A fan runs out on the court towards Miami Heat's LeBron James during the fourth quarter of a game against the Cleveland Cavaliers on Wednesday, March 20, in Cleveland. Miami won 98-95. (AP Photo/Tony Dejak)
CHICAGO – Like carpet stains that never go away, some old wounds don't heal. So is the bitterness many Ohio fans feel toward native son LeBron James, who left Cleveland to pursue, and eventually fulfill, his championship dreams with the loathed Miami Heat.
Returning for the fourth time since eloping with Dwyane Wade and Chris Bosh to South Beach, the vitriol remained palpable yesterday. Angry, taunting signs littered every corner of the Quicken Loans Arena and the building hissed with jeers nearly each time James touched the ball.
For the first time since 2010, the reigning MVP returned with an NBA ring and Miami entered Cleveland in chase of history with a mind-blowing 23-game winning streak. For Cavalier fans, watching LeBron reach the apex in a hostile uniform makes the pain of losing him go deeper.
But break-ups happen, that's life. And when it happens to you, the hope is to pick up the pieces and have the audacity to move on. Sadly for the Cavaliers, LeBron's departure was so incredibly immense, it's like Paris losing the Eiffel Tower. That's why the recovery, assuming it ever comes to pass, will be very long and painful.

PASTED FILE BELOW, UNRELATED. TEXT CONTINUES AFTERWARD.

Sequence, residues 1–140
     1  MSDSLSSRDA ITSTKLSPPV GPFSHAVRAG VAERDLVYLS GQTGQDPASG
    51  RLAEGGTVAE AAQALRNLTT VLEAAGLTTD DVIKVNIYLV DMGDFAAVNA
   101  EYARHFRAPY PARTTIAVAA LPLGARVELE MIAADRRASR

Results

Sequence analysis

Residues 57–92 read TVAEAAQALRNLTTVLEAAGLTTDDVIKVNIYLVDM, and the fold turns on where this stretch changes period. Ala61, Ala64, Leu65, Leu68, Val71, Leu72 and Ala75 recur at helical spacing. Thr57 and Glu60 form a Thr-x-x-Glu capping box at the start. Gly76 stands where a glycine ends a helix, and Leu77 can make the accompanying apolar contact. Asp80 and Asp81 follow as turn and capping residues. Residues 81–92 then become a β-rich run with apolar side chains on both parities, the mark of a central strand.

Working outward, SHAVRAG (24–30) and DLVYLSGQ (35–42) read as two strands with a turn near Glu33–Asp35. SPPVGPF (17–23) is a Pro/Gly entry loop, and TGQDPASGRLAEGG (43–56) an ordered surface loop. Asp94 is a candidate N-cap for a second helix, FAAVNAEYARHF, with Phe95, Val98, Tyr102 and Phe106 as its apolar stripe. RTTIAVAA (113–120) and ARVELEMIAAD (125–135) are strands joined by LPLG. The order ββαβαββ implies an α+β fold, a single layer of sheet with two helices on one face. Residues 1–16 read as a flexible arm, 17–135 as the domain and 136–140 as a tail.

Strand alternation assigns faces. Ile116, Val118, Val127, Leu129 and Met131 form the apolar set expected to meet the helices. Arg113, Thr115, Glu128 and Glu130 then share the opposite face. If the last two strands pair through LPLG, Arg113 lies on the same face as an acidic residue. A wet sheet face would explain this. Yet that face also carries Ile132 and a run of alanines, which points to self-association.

James pats the fan on the head as security escorts him off the court. (AP Photo/Tony Dejak)
In 2010, the Cavaliers were No.2 in the NBA in overall attendance, pulling in an average of 20,562 fans at the Q Arena, according to ESPN. They dropped to 19th place in 2012 and this season, their average attendance dipped to 15,900.
Also, the Cavaliers' team value dropped 26 percent in 2011 and another 7 percent in 2012, said a Forbes report. To prevent the further hemorrhage of cash, the Cavs, whose worth decreased from $476 million to $434 million according to Bloomberg News, are keeping expenses to a minimum. And their payroll is well below the salary cap at $57 million.
Thanks to the arrival of All-Star point guard Kyrie Irving, there is teeming promise in Cleveland. But, really, the fondest wish is for LeBron to come home in 2014, when he becomes a free agent.
Why not? LeBron was born and raised in nearby Akron, some 39 miles away from Cleveland. It would be a beautiful story to tell – hometown hero turned prodigal son comes back to bring Cleveland its first-ever NBA title before dribbling away to watch the sun set into a burst of orange.
Real life, however, isn't that rosy.
Truth of the matter is, Cleveland makes little basketball sense for LeBron. Why return to a team that is still in the throes of rebuilding, with not enough talent to seriously contend in a conference with powerhouses like the Chicago Bulls, New York Knicks, Indiana Pacers and the budding Brooklyn Nets?
Even if he opts for free agency and inexplicably bolts out of chic Miami, why would LeBron pick Cleveland ahead of New York and Los Angeles, the top two media markets that can offer The King millions of dollars more in endorsement deals?
And then there's Cavs owner Dan Gilbert, whose one-time friendship with LeBron is now as fractured as America's relationship with North Korea.
The author at the 2007 NBA Finals between the Spurs and the Cavaliers in Cleveland, where a giant mural of LeBron James once towered in a building over 20 stories high.
Sorry Cleveland, but to borrow the words of the sometimes annoying Taylor Swift, you and LeBron are never ever getting back together.